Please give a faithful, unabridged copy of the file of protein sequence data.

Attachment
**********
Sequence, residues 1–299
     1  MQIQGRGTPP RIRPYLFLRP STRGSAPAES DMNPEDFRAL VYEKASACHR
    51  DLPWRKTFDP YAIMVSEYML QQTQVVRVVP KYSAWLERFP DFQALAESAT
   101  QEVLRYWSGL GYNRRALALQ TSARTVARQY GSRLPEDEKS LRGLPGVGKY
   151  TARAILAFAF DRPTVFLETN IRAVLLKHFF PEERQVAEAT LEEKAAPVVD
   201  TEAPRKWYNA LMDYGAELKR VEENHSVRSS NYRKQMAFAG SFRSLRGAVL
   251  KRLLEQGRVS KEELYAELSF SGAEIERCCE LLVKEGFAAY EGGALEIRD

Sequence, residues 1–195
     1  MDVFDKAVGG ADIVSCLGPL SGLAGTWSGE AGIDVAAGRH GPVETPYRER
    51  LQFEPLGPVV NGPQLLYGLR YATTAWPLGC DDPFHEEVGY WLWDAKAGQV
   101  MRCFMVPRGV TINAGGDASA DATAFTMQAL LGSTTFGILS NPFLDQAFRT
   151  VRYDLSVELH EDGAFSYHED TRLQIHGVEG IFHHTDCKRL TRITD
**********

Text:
Sequence, residues 1–299
     1  MQIQGRGTPP RIRPYLFLRP STRGSAPAES DMNPEDFRAL VYEKASACHR
    51  DLPWRKTFDP YAIMVSEYML QQTQVVRVVP KYSAWLERFP DFQALAESAT
   101  QEVLRYWSGL GYNRRALALQ TSARTVARQY GSRLPEDEKS LRGLPGVGKY
   151  TARAILAFAF DRPTVFLETN IRAVLLKHFF PEERQVAEAT LEEKAAPVVD
   201  TEAPRKWYNA LMDYGAELKR VEENHSVRSS NYRKQMAFAG SFRSLRGAVL
   251  KRLLEQGRVS KEELYAELSF SGAEIERCCE LLVKEGFAAY EGGALEIRD

Sequence, residues 1–195
     1  MDVFDKAVGG ADIVSCLGPL SGLAGTWSGE AGIDVAAGRH GPVETPYRER
    51  LQFEPLGPVV NGPQLLYGLR YATTAWPLGC DDPFHEEVGY WLWDAKAGQV
   101  MRCFMVPRGV TINAGGDASA DATAFTMQAL LGSTTFGILS NPFLDQAFRT
   151  VRYDLSVELH EDGAFSYHED TRLQIHGVEG IFHHTDCKRL TRITD